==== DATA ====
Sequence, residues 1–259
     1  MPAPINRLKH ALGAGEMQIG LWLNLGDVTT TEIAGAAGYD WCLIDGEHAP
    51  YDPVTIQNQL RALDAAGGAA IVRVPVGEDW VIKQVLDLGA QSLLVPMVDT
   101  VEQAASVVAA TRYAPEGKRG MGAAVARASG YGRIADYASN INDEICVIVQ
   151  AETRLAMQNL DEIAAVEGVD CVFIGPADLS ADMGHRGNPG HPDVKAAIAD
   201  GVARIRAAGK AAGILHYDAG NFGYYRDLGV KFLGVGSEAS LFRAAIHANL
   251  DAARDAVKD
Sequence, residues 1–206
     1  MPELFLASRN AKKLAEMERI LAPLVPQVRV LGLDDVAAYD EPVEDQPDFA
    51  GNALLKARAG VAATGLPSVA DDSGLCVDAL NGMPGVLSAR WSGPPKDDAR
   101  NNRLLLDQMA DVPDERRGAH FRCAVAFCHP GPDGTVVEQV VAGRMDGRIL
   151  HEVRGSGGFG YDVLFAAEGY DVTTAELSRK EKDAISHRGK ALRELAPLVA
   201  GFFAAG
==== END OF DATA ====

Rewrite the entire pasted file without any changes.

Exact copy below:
Sequence, residues 1–259
     1  MPAPINRLKH ALGAGEMQIG LWLNLGDVTT TEIAGAAGYD WCLIDGEHAP
    51  YDPVTIQNQL RALDAAGGAA IVRVPVGEDW VIKQVLDLGA QSLLVPMVDT
   101  VEQAASVVAA TRYAPEGKRG MGAAVARASG YGRIADYASN INDEICVIVQ
   151  AETRLAMQNL DEIAAVEGVD CVFIGPADLS ADMGHRGNPG HPDVKAAIAD
   201  GVARIRAAGK AAGILHYDAG NFGYYRDLGV KFLGVGSEAS LFRAAIHANL
   251  DAARDAVKD
Sequence, residues 1–206
     1  MPELFLASRN AKKLAEMERI LAPLVPQVRV LGLDDVAAYD EPVEDQPDFA
    51  GNALLKARAG VAATGLPSVA DDSGLCVDAL NGMPGVLSAR WSGPPKDDAR
   101  NNRLLLDQMA DVPDERRGAH FRCAVAFCHP GPDGTVVEQV VAGRMDGRIL
   151  HEVRGSGGFG YDVLFAAEGY DVTTAELSRK EKDAISHRGK ALRELAPLVA
   201  GFFAAG